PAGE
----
Pillar’s swat — his first career grand slam, which traveled 419 feet — moved him into sole possession of third place for the most RBIs on the club. Before Monday, San Francisco had scored more than four runs in a single game just twice over the first 10 games of the season, and scored a total of 25 runs — second-fewest in the Major Leagues.
“Ultimately, I’ve got to hold up my end of the bargain and be the guy that they traded for,” said Pillar, surrounded by cardboard boxes, a Blue Jays bat bag and luggage from his recent move to San Francisco. “It’s been a tough transition, but I’ve had some moments where I felt like I’ve been myself. As you can tell, I’m still collecting my things. I was finally able to move into a place last night.”
Bumgarner — who had a no-hitter through four innings — saw that broken up in the fifth when Tatis responded with a two-run shot of his own.
The Giants’ ace — with three strikeouts in his first three innings of work — moved into seventh place on the franchise’s all-time strikeouts list, ahead of Gaylord Perry, but had four other two-strike counts on the night, including against Tatis, and couldn’t get calls on the edges of the zone.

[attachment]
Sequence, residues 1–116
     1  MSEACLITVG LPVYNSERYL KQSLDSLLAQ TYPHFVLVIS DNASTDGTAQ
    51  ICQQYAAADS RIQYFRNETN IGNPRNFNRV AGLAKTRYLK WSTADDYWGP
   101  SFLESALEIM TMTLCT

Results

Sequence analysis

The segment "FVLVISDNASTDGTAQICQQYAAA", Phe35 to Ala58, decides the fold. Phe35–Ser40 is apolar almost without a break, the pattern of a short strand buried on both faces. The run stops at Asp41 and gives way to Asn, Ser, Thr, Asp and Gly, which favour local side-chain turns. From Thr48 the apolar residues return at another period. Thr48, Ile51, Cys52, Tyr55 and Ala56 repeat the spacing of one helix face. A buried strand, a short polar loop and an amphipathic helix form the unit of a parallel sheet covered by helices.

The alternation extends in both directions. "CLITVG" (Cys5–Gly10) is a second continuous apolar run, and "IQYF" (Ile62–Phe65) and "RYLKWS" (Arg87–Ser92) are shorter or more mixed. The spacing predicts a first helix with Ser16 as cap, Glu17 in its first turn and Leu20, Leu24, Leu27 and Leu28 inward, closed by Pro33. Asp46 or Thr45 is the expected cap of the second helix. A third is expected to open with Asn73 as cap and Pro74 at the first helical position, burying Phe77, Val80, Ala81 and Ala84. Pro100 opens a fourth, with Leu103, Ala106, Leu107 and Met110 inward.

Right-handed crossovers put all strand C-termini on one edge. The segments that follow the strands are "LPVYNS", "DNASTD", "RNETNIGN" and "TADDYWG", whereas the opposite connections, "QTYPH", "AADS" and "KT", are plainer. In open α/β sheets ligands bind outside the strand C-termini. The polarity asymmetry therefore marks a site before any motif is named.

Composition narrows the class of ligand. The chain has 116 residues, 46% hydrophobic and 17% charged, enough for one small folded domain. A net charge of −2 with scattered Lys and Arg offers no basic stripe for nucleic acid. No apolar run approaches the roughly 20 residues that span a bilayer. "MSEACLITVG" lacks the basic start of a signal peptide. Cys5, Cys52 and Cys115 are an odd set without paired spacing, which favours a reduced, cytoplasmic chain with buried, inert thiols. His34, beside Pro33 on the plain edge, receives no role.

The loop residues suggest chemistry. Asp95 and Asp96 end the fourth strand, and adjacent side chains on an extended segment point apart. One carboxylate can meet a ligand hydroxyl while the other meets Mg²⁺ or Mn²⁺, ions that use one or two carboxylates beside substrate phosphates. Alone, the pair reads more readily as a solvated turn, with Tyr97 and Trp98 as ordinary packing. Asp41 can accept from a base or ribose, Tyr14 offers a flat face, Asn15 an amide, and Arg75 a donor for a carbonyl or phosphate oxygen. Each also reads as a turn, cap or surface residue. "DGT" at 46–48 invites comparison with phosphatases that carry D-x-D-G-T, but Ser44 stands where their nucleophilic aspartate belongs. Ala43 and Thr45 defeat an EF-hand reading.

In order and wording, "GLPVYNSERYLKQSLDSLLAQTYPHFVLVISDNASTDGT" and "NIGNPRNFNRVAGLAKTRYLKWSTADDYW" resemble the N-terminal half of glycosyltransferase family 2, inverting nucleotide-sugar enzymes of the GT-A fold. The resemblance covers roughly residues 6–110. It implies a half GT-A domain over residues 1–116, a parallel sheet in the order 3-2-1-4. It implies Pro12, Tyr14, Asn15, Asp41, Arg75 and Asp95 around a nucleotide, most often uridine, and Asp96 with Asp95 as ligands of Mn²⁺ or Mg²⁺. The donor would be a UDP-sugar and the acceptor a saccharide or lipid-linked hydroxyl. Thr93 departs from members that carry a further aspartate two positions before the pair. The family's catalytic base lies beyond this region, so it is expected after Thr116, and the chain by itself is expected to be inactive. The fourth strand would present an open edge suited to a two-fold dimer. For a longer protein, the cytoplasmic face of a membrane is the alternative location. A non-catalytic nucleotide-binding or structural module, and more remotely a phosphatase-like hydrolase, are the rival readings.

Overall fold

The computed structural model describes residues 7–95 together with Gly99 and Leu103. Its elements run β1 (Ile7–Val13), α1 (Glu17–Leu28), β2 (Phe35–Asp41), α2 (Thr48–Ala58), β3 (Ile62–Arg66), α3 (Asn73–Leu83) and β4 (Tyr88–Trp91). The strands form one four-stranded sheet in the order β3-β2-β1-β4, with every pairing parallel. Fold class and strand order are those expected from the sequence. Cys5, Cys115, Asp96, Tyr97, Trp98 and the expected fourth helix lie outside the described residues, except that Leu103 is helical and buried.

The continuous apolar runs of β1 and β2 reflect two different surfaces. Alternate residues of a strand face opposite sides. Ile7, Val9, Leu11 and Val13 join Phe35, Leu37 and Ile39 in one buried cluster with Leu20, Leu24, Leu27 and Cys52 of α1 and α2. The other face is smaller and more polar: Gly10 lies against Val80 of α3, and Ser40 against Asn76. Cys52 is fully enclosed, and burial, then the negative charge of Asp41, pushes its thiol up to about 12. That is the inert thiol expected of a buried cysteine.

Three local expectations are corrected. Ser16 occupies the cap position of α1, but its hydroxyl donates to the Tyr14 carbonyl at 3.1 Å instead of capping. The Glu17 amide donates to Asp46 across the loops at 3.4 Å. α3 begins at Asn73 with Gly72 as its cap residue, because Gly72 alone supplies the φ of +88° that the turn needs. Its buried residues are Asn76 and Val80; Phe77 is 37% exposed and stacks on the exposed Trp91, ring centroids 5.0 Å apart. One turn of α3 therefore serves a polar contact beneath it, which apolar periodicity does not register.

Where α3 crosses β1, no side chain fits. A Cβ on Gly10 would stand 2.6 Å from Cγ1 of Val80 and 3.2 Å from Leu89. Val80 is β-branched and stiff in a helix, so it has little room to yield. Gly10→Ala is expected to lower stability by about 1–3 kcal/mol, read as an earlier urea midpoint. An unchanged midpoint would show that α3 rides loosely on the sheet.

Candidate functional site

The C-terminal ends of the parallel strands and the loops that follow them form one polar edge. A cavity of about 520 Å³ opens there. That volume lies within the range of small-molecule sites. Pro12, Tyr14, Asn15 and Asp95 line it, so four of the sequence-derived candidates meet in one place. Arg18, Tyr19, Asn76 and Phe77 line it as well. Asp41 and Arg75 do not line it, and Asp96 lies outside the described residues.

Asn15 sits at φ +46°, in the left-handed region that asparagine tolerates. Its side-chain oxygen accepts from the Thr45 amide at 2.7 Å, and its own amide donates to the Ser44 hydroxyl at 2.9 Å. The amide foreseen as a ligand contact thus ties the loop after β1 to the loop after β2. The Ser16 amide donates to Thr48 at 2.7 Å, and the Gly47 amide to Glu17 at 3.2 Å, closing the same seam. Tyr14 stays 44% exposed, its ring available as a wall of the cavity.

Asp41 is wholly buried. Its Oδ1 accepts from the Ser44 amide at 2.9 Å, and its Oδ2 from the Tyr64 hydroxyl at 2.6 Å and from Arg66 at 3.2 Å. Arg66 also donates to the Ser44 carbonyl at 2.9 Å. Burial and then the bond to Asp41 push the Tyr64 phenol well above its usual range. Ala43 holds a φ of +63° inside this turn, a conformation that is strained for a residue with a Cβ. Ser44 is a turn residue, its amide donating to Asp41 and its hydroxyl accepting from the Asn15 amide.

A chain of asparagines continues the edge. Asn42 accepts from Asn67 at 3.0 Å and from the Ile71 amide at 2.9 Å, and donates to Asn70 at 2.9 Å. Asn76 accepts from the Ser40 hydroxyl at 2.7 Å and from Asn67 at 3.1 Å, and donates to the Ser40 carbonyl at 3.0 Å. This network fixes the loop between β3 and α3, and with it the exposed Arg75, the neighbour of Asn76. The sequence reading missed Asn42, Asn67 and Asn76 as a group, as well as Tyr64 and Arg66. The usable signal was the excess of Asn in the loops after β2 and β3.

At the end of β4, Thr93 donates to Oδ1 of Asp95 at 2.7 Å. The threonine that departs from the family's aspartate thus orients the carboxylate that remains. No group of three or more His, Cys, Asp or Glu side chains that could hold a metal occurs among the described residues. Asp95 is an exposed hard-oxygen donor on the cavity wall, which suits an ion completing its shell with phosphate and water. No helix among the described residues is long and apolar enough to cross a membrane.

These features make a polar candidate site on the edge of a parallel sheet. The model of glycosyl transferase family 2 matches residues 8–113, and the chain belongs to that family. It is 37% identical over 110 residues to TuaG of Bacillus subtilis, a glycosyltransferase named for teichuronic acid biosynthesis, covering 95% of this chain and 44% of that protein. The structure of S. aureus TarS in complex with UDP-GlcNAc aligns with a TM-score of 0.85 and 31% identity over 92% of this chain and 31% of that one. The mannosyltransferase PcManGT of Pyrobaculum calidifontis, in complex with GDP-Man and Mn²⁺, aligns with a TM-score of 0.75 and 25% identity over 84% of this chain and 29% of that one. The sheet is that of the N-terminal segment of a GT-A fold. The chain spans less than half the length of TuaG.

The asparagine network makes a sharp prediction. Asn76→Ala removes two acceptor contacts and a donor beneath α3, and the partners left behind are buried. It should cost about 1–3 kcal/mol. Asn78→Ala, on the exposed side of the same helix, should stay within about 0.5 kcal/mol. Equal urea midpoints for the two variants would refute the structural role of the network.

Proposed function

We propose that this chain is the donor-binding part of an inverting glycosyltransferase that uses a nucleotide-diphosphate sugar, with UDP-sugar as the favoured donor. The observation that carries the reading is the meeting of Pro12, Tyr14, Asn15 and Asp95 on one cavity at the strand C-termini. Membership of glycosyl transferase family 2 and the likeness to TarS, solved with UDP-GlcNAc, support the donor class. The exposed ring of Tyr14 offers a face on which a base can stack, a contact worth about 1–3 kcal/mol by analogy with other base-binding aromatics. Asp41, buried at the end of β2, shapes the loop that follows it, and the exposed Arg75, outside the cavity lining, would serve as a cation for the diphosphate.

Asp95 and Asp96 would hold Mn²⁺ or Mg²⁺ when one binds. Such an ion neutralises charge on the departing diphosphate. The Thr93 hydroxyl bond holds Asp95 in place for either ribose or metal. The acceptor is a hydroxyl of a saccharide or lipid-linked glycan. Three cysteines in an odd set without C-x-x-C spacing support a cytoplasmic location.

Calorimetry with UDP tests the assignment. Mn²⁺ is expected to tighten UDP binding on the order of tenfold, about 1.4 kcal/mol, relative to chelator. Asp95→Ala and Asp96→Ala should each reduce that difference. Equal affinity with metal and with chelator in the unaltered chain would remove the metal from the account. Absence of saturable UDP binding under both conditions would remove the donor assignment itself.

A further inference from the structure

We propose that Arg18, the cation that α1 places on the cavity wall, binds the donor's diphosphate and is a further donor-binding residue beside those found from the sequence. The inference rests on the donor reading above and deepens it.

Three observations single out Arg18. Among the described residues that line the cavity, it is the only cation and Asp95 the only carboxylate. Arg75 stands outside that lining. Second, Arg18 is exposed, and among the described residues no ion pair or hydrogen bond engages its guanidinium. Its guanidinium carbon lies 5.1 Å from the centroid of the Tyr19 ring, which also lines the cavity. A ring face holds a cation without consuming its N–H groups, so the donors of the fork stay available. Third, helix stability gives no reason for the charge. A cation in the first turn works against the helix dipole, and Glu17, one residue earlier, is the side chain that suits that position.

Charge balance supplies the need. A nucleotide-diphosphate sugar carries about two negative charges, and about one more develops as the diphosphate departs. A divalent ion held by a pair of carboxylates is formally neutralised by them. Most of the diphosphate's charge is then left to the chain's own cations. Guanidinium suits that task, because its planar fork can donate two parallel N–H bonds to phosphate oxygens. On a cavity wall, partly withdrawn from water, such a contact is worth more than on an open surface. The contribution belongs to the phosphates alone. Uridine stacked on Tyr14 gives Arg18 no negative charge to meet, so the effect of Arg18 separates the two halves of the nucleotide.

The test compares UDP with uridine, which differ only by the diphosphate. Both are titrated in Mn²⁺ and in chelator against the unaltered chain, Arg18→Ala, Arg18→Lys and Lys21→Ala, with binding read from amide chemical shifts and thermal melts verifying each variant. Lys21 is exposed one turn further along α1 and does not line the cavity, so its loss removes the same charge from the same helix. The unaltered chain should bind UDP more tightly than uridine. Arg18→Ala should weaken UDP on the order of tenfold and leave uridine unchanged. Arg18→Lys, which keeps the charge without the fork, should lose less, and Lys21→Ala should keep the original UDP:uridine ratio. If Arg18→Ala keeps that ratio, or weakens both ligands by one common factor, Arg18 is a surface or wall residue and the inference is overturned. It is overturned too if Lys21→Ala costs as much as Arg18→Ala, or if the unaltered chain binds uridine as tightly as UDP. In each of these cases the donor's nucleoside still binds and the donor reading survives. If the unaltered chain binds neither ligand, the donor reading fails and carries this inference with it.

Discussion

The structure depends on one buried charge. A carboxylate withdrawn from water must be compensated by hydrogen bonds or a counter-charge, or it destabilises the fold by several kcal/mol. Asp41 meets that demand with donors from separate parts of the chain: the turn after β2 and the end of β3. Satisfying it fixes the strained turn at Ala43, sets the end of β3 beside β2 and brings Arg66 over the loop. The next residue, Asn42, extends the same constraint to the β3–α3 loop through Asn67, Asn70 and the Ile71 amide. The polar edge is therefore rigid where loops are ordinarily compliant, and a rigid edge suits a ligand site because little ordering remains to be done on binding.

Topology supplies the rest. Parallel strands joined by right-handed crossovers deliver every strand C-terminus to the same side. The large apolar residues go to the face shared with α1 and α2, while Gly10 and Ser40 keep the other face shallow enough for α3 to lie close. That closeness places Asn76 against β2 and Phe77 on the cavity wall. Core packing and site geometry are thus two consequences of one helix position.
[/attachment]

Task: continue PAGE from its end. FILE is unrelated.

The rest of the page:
“That’s part of the game,” Bumgarner said. “What makes it more difficult was to feel as good as I did and command to be as sharp as it was, and all that, and to get the result that I did. That’s what makes it hard to swallow.”
A solo shot off Bumgarner in the sixth by Myers — in a 2-2 count — cut the lead to 5-3. It was the fourth time in the last two seasons he’s allowed multiple home runs, the last on Sept. 3, 2018.
“He was throwing so well, and he just made a couple mistakes there and they got back in the game,” Bochy said. “No question, a tough way to lose, the way he was throwing, and we had a 5-0 lead.”
After hitting Tatis for the second time on the night to lead off the seventh (he hadn’t hit two batters in a game since Sept. 19, 2016), Bumgarner was chased by an 0-2 double surrendered to catcher Francisco Mejia.
“I still felt the same; they just hit the ball in the air and it carried out of there, that’s all there is to it,” Bumgarner said.